Imran Khan, Pakistan’s popular leader and former Prime Minister, recently lost a no-confidence vote in the country’s parliament. Much has been written and said about how his removal.
But leaving that aside, one has to sit back and take stock of what this former sports hero-turned politician had brought to the Pakistani landscape during his short tenure. Bear in mind two major factors. He was traversing through the minefields of the Covid-19 crisis that left most nations financially on the brink.
Through a series of moves aimed at reducing rampant corruption and bringing to task the output of several of Pakistan’s government-run enterprises, Khan has had some noticeable gains. He managed to raise exports to $38 billion in 3 years, surpassing the figure of $21 billion brought in the previous 10 years. First the time, mobile phones production started in Pakistan, with presently over 70% of mobiles produced in Pakistan.
Electric bikes factories and computer processors industries were also started. Khan’s government initiated the Kamyab Jawan programme, which focused on 3 Es: Education, Employment and Engagement with an aim to serve all youth and empower them with the necessary tools for carrying on their lives in a sustainable manner.
He also got the mining and copper project of the Reko Diq Mine started that had been stuck in litigations between the former governments and the Australian mining company BHP Billiton. There was a $11 billion penalty that had been attached by the courts. The fine was removed. The project then would see a $10bn investment and the creation of 8000 jobs.
The IT sector boomed with over $2 billion exports, a jump of over 100% from previous eras, and created over 500,000 new jobs. During this time, over 150,000 new companies were registered, some ten times the number in the past. The textile sector exports rose to $20 billion from the previous $9-11 billion. According to the CIA World Factbook 2021, Pakistan’s unemployment rate had dropped to a remarkable 4.1% and was the lowest in the region.
Imran Khan’s government also launched the Ehsaas programme in 2019 with the goal of uplifting the backward class, reducing inequality, investing in the masses, and lifting the lagging districts in the country. At the time, Khan called it ‘a key initiative towards a welfare state that PTI promised with people of Pakistan in their elections manifesto.’
By 2021 Ehsaas Programme evolved into two major pillars — one, the Ehsaas Emergency Cash (introduced during the Covid-19 pandemic) and the other, the Ehsaas Kafalat, the latter programme expanding its coverage from 7 million people to 10 million people in 2021. The programme earned praise from the World Bank which rated it the 4th best such social program in the entire world.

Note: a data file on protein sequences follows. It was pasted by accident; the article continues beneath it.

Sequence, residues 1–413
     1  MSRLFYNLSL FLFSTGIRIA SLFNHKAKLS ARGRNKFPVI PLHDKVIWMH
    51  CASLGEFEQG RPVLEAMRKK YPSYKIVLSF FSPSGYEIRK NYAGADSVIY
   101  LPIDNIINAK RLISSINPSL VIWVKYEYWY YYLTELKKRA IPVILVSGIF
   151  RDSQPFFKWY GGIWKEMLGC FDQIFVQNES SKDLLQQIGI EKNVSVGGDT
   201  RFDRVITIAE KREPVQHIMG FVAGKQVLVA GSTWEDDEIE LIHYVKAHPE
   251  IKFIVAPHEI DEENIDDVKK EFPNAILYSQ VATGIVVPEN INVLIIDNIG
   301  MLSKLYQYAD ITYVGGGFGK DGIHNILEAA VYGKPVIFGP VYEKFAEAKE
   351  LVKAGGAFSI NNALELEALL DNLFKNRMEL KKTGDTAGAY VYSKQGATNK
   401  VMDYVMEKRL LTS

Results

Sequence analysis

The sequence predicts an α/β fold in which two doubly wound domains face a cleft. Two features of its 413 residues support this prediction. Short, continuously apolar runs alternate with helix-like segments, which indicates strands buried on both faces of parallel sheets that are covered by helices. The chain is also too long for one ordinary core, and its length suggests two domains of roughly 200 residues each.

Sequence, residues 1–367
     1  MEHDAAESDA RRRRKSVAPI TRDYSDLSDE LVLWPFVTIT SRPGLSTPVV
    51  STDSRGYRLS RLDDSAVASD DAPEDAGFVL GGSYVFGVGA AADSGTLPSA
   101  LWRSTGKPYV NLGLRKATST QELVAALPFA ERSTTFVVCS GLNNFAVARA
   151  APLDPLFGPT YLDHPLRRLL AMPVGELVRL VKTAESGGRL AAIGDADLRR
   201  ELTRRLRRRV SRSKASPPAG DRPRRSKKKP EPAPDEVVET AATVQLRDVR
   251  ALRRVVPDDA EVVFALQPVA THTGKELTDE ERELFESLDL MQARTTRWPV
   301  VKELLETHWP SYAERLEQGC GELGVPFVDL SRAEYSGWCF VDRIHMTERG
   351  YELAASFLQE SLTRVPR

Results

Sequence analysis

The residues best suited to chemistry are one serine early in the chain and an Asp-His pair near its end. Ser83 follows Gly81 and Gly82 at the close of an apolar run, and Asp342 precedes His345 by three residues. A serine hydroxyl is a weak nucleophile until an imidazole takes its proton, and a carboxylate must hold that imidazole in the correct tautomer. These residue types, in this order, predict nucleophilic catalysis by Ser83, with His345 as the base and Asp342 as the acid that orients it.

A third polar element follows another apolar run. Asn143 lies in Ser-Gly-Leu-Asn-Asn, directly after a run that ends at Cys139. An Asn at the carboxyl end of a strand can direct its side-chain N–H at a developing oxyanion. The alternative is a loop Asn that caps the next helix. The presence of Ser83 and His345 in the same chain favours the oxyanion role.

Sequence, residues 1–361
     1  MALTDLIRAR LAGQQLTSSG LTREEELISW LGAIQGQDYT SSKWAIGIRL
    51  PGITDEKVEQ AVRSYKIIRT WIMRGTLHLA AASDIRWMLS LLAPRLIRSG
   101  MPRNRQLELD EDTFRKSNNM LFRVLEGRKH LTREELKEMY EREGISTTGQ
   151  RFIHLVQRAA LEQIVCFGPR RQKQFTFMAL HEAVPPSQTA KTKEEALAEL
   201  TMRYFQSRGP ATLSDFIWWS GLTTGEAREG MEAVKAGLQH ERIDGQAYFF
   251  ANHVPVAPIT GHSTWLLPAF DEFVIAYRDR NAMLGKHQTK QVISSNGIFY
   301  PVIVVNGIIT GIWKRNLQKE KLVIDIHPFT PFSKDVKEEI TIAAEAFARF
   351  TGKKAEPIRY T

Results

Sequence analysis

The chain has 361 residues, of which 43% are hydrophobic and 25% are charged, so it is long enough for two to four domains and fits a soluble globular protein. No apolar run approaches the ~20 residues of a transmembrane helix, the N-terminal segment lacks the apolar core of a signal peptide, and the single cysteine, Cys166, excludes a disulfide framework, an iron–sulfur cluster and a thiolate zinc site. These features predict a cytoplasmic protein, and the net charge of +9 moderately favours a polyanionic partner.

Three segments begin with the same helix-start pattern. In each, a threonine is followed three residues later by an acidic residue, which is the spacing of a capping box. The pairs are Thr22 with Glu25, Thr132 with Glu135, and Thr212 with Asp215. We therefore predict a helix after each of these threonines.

During Khan’s tenure, Pakistan led the global charge to restore ecosystems. Inger Andersen, Executive Director United Nations Environment Programme stated that “Pakistan has shown real leadership in efforts to restore the country’s forest. We are grateful for their commitment to host World Environment Day 2021 ...”
“Large scale restoration initiatives such as the ‘10 Billion Tree Tsunami Project’ are central to Pakistan’s efforts to support the UN Decade and to increase ecosystem restoration,” added Dechen Tsering, UNEP’s Regional Director for Asia and the Pacific.
And there is more, much more. The man delivered on many of his promises to free Pakistan from the clutches of yesteryear and turn it into a Naya Pakistan. Khan’s success could be measured in some of the laws passed during his tenure, such as the increased protection of women and their rights, and the fight against state corruption.
Shunned pomp and glory
He navigated his country tactfully between the superpowers, being cordially received in the US just as he was warmly greeted in China and Russia. During his tenure, he shunned pomp and glory, for he was a personality which had lacked none. Neither was he ever accused of padding his pockets with ill-earned money.
While no man is without faults, and Imran was no exception, his popularity was defined recently in a mass gathering in the port city of Karachi, a Jalsa, the likes that had never been witnessed anywhere before.
It is now for the present government to continue on some of the stable frameworks that Khan had laid out for his country and to ensure that nepotism and large-scale corruption does not return.
Pakistan is at a crucial phase in its journey and as a member of the nuclear club, the present government bears extra responsibility in ensuring that the path forward will be peaceful, uniting, and a just one.
We wish the present government well and hope that Pakistan will continue to rise among the ranks of nations.
Tariq A. Al Maeena is a Saudi sociopolitical commentator. He lives in Jeddah, Saudi Arabia. Twitter: @talmaeena